Wednesday, June 15, 2016

Central banks are becoming huge drivers of deflation. Fed adds to this today.


Central banks driving deflation

The Fed held interest rates steady today. It was the wrong decision. 

Central banks are increasingly becoming big drivers of deflation. Look at the ECB last week and its announcement that it was now going to buy high yield bonds. That was the day the markets topped out. Stocks and many materials markets turned south and have been heading down since.

The ECB has been driving massive deflation in Europe via its negative interest rate policy and ongoing asset purchases. Now it's buying high yield. That's HIGH YIELD income that would have gone into the economy. And Draghi wonders why deflation has been so hard to counter? For chrissakes, he's the one driving it.

Now we have the Fed and Yellen and her extreme cautiousness. The Yellen Fed is probably the most cautious Fed that I have ever seen. She did one rate hike back in December. That's it. Even so that was a success. It got things going. In fact if you go back and look at what happened after that December 16 hike you will see that gold bottomed and commodity markets all started moving higher. Stocks climbed, etc. Growth started to pick up. 

We've been lucky because so far this fiscal year government spending has been strong. It's up bout $90 billion over last year and last year was the strongest spending in five years. It's been the only thing that has kept us out of recession, but not by much. We're only growing at 0.8%. That's not enough..

We've been lucky with this government spending. However, we continue to face extremely strong headwinds most of those being injected by central banks and their insane deflationary policies. It's like a diseased academic dogma that's taken hold of policy and it's literally killing the global economy. Negative rates, income removal and the belief that all of that is stimulative? Utterly insane.

I have been correctly bullish since last year on the economy, stocks and risk assets. I have not been calling recession for the past three years like others because of the deficit. By the way, the deficit is now $93 billion higher than last year. Where are those people who have been screaming that the deficit is too small? Maybe it is, but at least acknowledge the fact that it's growing again. They don't. Why? Because they don't even know. They're too lazy to even look.

What we're facing now is probably a stall. I'm hoping that's the worst case. Maybe we continue to grow real, real, slow as spending continues to rise, but no acceleration. Not with the central banks fighting this recovery with everything they've got.

Let me finish by talking about gold. I've been bullish on gold since last December. That's when the Fed raised rates for the first time in 9 years. I wrote in this blog, BUY GOLD and gold's been going virtually straight up since that call. 

Last week it was all over the news that George Soros was buying gold and selling stocks. I laughed. Here's a guy who, recently at least, has been talking lots of nonsense. About China credit bubbles and global "uncertainty," and more. Based on this "rationale" it's an amateur move, buying gold. "Uncertainty" is not a reason to buy gold.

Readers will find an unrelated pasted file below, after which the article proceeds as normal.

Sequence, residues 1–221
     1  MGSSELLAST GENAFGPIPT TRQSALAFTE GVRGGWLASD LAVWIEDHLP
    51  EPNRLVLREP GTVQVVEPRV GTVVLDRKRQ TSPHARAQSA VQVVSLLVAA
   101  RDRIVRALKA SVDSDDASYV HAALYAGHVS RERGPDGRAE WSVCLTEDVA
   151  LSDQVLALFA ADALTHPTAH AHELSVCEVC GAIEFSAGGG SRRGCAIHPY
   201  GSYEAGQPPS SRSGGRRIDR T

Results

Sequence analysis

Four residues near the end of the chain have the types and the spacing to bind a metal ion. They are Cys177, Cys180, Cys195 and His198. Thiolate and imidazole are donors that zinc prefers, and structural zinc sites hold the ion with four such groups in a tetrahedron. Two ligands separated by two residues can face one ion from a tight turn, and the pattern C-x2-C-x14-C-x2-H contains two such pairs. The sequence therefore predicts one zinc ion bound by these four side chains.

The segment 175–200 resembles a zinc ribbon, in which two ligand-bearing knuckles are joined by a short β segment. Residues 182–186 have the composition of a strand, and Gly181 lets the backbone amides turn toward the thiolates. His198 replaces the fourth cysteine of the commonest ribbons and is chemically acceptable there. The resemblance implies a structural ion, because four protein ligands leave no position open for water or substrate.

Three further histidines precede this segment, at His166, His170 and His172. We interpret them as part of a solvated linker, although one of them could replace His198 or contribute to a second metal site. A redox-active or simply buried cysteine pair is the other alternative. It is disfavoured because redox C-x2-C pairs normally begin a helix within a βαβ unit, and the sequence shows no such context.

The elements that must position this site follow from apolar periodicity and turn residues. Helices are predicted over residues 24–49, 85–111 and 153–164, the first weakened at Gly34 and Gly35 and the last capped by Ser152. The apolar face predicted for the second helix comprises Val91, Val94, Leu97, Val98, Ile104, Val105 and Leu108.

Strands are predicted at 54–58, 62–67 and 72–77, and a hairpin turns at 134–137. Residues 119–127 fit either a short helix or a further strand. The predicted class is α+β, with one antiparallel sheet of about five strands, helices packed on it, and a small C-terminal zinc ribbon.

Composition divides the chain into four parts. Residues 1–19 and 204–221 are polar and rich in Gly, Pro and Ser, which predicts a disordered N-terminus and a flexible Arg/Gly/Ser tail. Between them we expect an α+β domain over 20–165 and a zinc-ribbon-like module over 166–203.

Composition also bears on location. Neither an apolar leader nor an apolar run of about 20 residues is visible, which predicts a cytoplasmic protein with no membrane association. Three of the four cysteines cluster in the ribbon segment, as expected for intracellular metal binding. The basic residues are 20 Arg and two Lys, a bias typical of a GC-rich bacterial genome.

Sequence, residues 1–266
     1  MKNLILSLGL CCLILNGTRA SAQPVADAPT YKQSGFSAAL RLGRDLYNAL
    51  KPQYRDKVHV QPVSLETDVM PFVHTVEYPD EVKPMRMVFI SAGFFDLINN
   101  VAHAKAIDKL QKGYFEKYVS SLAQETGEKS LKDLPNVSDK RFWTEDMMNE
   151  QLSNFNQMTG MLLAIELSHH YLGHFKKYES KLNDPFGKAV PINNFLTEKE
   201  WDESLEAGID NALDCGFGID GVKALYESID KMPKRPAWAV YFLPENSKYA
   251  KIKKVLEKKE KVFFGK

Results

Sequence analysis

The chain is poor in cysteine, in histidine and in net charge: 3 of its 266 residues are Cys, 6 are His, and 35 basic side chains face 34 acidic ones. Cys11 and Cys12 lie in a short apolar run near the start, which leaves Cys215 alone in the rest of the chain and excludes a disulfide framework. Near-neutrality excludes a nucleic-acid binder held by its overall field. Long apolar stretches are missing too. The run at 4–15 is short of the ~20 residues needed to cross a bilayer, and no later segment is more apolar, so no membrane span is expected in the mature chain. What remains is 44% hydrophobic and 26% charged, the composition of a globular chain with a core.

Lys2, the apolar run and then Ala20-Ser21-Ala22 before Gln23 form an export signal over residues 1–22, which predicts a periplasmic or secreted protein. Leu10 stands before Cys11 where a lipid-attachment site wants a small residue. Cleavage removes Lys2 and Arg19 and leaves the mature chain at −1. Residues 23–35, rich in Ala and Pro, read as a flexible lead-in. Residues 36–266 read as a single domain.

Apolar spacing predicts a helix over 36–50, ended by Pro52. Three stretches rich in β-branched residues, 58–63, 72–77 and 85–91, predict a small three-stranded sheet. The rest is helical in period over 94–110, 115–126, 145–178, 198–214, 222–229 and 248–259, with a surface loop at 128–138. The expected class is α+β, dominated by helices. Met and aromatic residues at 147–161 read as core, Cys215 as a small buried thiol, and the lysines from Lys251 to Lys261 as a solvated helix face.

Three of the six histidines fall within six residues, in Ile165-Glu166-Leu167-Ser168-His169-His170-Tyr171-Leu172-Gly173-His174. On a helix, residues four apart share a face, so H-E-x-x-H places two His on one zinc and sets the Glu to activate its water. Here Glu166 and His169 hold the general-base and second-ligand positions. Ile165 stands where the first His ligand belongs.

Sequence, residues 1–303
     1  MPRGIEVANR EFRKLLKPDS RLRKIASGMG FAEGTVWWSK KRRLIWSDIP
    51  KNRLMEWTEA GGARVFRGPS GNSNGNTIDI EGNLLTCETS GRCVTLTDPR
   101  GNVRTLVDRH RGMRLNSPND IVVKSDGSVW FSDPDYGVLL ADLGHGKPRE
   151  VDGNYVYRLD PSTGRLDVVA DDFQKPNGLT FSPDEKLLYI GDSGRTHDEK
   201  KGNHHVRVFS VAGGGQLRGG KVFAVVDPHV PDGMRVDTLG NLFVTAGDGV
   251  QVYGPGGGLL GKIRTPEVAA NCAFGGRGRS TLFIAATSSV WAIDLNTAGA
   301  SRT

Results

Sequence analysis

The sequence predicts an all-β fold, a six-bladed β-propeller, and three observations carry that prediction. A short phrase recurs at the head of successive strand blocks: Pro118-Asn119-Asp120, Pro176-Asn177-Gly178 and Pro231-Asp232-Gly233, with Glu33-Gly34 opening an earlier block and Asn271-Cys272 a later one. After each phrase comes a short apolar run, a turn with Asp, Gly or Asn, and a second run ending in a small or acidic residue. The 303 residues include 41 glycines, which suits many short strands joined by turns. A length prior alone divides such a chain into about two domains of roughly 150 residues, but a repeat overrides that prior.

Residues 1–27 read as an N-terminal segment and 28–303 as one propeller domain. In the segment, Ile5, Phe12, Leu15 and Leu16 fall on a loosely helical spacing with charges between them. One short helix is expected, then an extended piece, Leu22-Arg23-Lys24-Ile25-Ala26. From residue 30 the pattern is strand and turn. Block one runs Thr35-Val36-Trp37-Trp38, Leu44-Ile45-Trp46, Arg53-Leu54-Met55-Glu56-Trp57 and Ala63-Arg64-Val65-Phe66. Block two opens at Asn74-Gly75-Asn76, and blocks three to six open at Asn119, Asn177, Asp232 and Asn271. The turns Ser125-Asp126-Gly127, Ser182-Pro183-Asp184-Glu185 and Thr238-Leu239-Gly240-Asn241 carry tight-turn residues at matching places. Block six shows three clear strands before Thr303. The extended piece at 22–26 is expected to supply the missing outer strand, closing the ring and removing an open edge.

With deflation ratcheting up this could be 2014 all over again for gold. In other words, the beginning of a big decline. George better watch out. 

Had the Fed raised rates today I would have been bullish as hell, but that didn't happen and not only didn't it happen, but what came out of that meeting at least for me was a timid and confused Fed. Yellen's frightened and confused as hell. This is probably what a Hillary Rodham Clinton presidency will look like. Immense caution when it comes to the things we really need and bold, irresponsible action on the things we don't need. Like wars.

Great.

Anyway, I'm not saying dump stocks. Not just yet. The spending could pull us through. Barely. But right now it's all we got.

22 comments:

Diego Marcio said...
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circuit said...

While I doubt a one-time small increase in rates would be detrimental, a series of rate hikes probably would be. Do you agree that any positive impact of a rate hike on stocks would reverse should the Fed decide to increase rates in earnest?

Tom Hickey said...

Asset values are inversely proportionate to interest rates where leverage is a significant factor because of carrying cost of leverage.

In commodity and equity markets carrying cost increases with rates, affecting expected profits and making holding a position more expensive.

Leverage is also heavily used in real estate, both residential and commercial, and rising interest rates make deals more expensive and more difficult to structure.

Diego Marcio said...
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Diego Marcio said...

Thank you for ur knowledge Mike... apart from gold do you think will the dollar keep its track down or now it will also reverse up? thanks

Tom Hickey said...

I don't know if there is much to a "one-time" increase in the interest rate by the central bank.

Generally central banks choose to move slowly in a direction. The important thing for markets is direction.

Markets are expecting central banks to start raising rates gradually back to "normal." The question now is how soon and how incrementally.

Once the first rate increase occurs markets are going to incorporate expectations about the change of direction, frequency, amount, target, etc. This would impart a different dynamic from what has prevailed since ZIRP and QE.

The big question is how raising rates will fly in a lackluster economy when low rates supposedly spur growth. The big problems now are low growth and declining productivity.

Bob said...

More tax cuts for the wealthy are required. It's the only way!

Ben Johannson said...

Tom, I've seen no evidence low rates are an inducement to growth. If they were investment wouldn't be at record lows.

Tom Hickey said...

Tom, I've seen no evidence low rates are an inducement to growth. If they were investment wouldn't be at record lows.

Very low rates are a sign of low confidence and even lending at near zero doesn't induce investment if prospective investors don't see enough signals leading them to believe "build it and they will come." Growth is a function of investment.

This is the reasoning behind fiscal stimulus as "Keynesian pump-priming," that is, stoking demand from the side of government. If incomes increase, customers will commence spending and then when firms see rising demand coupled with low borrowing costs, they will have confidence to invest in order to take advantage of increasing opportunity. In fact, firms have to do this if other firms are jumping in, just to maintain market share, so there are knock-on effects.

Given normal conditions in which profitable opportunities are present along with business confidence, cost of borrowing is just another cost that gets figured into the spreadsheet. "All things being equal," lower costs imply greater profit and earlier breakeven, and are therefore an incentive to invest. Higher costs are disincentives.